Still Star-Crossed by Melinda Taub.
Page Count: 352.
Published: July 9, 2013.
Published by: Delacorte Press.
Source: Received a finished copy from Random House Canada in exchange for a fair and honest review.
Romeo and Juliet are gone. Will love live on? Despite the glooming peace that's settled on Verona after the recent tragedy, Montagues and Capulets are brawling in the streets. Faced with more bloody battles, Prince Escalus concludes that the only way to truly marry the fortunes of these two families is to literally marry them together. Everyone is skeptical, but none more so than the pair selected, for the most eligible Montague bachelor is Benvolio, Romeo's best friend, still anguished by the loss of his companions, and the chosen Capulet maid is Juliet's older cousin Rosaline, the girl Romeo first loved and whose refusal of Romeo's affection paved the way for bloodshed. Contrary to their late cousins, there's no love lost between Benvolio and Rosaline, yet they forge a bond to end the renewed feud not only to escape their forced betrothal, but to save their lives and the city of Verona itself.
I probably enjoy Shakespeare more than your average high school graduate but I wouldn't say I'm a huge fan. However, when this book showed up on my radar I was immediately curious. Romeo and Juliet is probably Shakespeare's most well-known work and to see a story that focuses on what happens after was very interesting for me. Still Star-Crossed didn't entirely live up to my expectations, however it was still an enjoyable read that I'm glad I tried out.
Following the deaths of Romeo and Juliet, the Capulet and Montague houses are in mourning, but when it becomes clear that even the deaths of their young lovers will not end the feud, Still Star-Crossed focuses on a proposed solution: the forced engagement of Rosaline, Juliet's Capulet cousin, to Benvolio, Romeo's best friend and fellow Montague. Thus begins what is largely a story about the growth of love, with a mystery and a dash of betrayal to add some excitement. I did enjoy the mystery aspect of the story because it adds another layer not only to the plot but also to many of the characters who originally seem lacking in purpose. It also helps give additional direction for Rosaline and Benvolio, besides their attempts to get out of their upcoming wedding.
The characters were an interesting bunch, some of whom I thought were well developed while others were not as complete as I would have liked. I did appreciate the overall sense of loss and the clear black sheep that is revealed along with the end of the mystery. I also have to say I enjoyed the slight sense of ridicule many of the characters had over Romeo and Juliet's choices because that is certainly relatable nowadays. Livia, Rosaline's younger sister, was one of the more well-developed characters and her relationship with Rosaline as well as her own personal growth over the course of the novel was very well displayed, even though we are not often privy to her private thoughts. I felt like Taub has the capability to create wonderful, compelling characters and just didn't go all the way on some of them.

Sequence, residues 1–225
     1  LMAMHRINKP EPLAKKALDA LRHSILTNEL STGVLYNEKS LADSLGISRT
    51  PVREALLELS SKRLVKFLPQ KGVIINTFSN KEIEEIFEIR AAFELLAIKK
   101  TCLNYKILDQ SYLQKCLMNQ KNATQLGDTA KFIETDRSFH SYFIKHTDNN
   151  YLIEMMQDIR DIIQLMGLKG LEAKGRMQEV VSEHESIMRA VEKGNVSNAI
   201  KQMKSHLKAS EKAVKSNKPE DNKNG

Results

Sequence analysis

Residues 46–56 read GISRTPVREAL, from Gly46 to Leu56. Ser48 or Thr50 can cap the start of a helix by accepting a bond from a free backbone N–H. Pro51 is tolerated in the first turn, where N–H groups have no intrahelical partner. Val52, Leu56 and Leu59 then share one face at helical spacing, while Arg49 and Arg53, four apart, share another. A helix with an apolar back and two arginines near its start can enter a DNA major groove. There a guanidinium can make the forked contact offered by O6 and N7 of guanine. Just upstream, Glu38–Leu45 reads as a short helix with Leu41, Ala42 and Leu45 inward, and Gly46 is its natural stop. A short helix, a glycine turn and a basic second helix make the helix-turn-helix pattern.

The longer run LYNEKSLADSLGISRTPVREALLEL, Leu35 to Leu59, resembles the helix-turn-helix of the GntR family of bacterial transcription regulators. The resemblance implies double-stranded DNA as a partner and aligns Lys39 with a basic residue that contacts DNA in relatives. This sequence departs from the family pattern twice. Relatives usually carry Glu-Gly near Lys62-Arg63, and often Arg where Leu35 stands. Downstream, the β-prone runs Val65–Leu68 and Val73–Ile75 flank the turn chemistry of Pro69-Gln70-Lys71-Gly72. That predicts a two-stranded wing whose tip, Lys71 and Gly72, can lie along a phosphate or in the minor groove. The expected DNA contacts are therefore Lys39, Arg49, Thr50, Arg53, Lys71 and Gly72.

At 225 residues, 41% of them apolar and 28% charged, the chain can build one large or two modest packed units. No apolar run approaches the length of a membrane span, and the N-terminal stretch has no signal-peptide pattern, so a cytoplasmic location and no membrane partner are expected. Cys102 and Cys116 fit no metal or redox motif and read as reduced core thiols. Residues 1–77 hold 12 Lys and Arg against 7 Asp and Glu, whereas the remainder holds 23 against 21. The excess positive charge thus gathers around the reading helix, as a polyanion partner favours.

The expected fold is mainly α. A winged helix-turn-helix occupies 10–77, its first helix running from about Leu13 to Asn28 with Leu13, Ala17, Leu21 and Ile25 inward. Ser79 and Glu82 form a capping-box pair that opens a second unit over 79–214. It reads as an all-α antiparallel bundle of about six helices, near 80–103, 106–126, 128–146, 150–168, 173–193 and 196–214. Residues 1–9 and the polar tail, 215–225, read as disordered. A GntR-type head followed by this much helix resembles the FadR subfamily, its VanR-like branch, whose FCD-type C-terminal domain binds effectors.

There was a love triangle present in Still Star-Crossed that was a little cliché, but still managed to be better than many out there. While I did have a preference in suitors, each boy had a story and a reason for the connection with Rosaline that I understood and enjoyed, as well as each having something different to offer her. This made for one of the more realistic love triangles thanks to its development on both sides. While Rosaline was undoubtedly the most developed character, there were instances in which each boy had his moment that allowed me as a reader to understand him better, which made the love triangle more than just an eye-roll-worthy complication for the plot.
I will admit that reading this novel was a little choppy at times because the dialogue is meant to be Shakespearean while the rest of the writing is much more modern-like (not to mention I thought a few of the dialogue bits were not Shakespearean at all, but then again, I'm no expert). As it went on I got more used to it, but it just felt a little awkward at times and occasionally pulled me out of the story itself. Not a deal-breaker for me as, like I said, I got used to it, but if you're particular about these things it may be harder to deal with.
If you enjoy hate-turned-to-love type relationships or enjoyed Romeo and Juliet for the supporting cast, this is probably a good read for you. The mystery was probably my favourite part and it was definitely enjoyable, so I'm glad it at least played the part it did (though I wouldn't have complained if there were a bit more focus on that aspect). The characters, while occasionally underdeveloped, were interesting in that I enjoyed seeing their post-Romeo and Juliet reactions and actions.
A solid 3 stars.